I'm glad I watched A Cure for Wellness at home, broken up over three nights. It's a slow movie. Almost a languorous movie. Poe's great horror short stories often had this same feeling, a slowness, a creeping that was at odds with their brevity. There were whole worlds there being revealed in a slow pan.
Dane DeHaan plays a young American stockbroker sent by his firm to retrieve a colleague from a mysterious wellness clinic located in the Swiss Alps. Needless to say, nothing goes as planned.
Instead, a parade of horrors results, counterpointed by a critique of capitalism and its modern discontents. There's a mysterious young woman played by the aptly named Mia Goth (seriously, is that her real name?). And there's the soothing, reasonable, yet menacing head of the clinic as played by Jason Isaacs in a mode of subtle dread.
Production design makes the clinic foreboding from the beginning, but also realistically dated in its colour schemes and appearance -- it looks like a hospital from the 1940's. Below the ground, it looks like a hospital from the 1540's. Or a castle's dungeons.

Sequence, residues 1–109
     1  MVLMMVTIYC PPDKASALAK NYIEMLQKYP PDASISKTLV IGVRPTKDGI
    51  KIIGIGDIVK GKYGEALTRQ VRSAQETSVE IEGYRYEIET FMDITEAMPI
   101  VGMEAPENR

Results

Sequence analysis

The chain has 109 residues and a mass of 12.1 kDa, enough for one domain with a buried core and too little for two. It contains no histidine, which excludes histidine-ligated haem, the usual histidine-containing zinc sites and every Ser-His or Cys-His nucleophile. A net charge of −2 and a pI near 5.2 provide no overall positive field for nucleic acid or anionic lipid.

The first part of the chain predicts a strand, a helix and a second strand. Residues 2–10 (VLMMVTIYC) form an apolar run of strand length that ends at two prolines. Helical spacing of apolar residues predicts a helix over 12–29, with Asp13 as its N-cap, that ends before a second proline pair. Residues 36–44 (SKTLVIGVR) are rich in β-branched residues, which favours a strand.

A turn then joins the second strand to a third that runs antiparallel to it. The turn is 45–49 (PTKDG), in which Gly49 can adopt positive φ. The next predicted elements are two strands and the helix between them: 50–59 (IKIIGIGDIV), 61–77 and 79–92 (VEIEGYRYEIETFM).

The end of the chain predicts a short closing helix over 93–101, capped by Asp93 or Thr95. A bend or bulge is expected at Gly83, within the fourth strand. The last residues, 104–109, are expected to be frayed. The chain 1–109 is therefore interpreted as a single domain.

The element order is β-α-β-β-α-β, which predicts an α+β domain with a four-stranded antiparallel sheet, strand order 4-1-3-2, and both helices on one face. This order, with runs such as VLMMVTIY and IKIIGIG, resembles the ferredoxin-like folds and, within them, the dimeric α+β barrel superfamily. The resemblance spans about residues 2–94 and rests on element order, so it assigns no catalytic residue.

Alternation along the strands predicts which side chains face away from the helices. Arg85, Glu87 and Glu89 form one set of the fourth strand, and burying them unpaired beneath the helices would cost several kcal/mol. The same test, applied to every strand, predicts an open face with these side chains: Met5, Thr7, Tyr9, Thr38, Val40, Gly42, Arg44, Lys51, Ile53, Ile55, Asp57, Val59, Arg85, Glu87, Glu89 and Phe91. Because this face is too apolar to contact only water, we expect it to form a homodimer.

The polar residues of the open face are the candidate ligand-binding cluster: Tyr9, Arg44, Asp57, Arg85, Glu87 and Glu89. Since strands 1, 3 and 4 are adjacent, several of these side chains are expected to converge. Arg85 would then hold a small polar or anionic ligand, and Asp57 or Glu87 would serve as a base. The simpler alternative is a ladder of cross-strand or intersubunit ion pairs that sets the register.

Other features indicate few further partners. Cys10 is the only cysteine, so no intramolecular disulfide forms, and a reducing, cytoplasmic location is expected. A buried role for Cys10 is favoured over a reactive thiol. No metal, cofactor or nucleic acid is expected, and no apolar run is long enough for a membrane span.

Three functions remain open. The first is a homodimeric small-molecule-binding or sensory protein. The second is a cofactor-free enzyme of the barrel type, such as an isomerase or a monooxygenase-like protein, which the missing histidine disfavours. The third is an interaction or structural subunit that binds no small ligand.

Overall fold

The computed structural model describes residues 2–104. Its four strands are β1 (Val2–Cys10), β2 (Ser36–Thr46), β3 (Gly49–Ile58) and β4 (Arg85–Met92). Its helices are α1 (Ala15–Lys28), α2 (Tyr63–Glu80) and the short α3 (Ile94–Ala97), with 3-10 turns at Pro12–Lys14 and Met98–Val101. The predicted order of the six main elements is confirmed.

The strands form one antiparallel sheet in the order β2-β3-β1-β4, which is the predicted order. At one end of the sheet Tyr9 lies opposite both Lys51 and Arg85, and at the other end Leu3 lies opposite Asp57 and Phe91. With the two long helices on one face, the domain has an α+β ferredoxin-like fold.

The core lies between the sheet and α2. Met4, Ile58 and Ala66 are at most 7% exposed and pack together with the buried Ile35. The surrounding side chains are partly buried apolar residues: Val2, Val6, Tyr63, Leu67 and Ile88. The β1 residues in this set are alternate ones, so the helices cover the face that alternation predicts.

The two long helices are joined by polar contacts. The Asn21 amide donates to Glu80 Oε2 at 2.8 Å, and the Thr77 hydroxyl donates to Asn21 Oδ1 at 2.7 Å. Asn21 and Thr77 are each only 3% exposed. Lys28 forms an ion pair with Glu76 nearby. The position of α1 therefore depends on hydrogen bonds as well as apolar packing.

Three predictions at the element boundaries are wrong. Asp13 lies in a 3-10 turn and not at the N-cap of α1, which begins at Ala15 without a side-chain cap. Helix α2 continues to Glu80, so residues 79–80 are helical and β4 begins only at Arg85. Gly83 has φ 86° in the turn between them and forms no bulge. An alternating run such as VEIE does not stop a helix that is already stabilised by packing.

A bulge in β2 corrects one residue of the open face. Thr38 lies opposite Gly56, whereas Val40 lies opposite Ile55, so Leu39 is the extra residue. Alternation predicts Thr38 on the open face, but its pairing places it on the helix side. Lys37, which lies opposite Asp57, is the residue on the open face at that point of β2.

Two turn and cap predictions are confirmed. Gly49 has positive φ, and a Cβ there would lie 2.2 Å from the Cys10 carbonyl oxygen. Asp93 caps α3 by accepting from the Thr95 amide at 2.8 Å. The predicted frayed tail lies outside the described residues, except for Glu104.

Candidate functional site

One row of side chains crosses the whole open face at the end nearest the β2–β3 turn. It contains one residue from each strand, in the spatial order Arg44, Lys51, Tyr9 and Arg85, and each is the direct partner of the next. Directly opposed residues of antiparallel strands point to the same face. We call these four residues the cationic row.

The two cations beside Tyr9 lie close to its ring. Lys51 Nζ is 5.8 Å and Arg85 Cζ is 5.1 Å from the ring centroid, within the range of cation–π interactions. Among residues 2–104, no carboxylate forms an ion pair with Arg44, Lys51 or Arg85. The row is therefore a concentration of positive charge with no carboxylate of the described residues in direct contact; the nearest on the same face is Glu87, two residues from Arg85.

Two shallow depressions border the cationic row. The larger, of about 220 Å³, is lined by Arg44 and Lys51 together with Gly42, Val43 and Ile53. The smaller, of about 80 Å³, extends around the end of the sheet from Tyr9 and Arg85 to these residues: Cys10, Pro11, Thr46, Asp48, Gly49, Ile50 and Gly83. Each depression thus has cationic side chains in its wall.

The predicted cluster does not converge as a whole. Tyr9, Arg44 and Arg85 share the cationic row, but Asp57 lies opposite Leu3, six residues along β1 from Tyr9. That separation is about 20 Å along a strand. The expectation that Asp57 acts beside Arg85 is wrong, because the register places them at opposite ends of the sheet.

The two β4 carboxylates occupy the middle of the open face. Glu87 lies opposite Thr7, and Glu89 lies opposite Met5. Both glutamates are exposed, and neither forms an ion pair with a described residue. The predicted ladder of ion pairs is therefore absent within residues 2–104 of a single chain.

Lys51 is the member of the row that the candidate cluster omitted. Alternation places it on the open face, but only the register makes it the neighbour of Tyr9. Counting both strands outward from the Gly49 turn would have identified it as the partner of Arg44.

Terrible things await Dehaan and Ms. Goth. There are subtle moments and gross-out moments and a repeated use of the reliably nightmarish 'My teeth are falling out!' trope. DeHaan, who looks oddly wormy at the best of times, is perfectly cast as the protagonist. He looks like a Poe protagonist. How odd that this perfect casting should come in the same year as his most perfect miscasting as the jaunty hero of Valerian.
Verbinski is relatively fearless when it comes to those moments when the horror stops creeping and starts leaping. It's fascinating to see a director best known for bringing adaptations of modern Japanese horror to North America and for that Pirates of the Caribbean trilogy plumb the depths of good old Gothic body horror, incest horror, and monstrous secrets from the cloachal depths. I'd love to see him tackle a Poe anthology next. Highly recommended.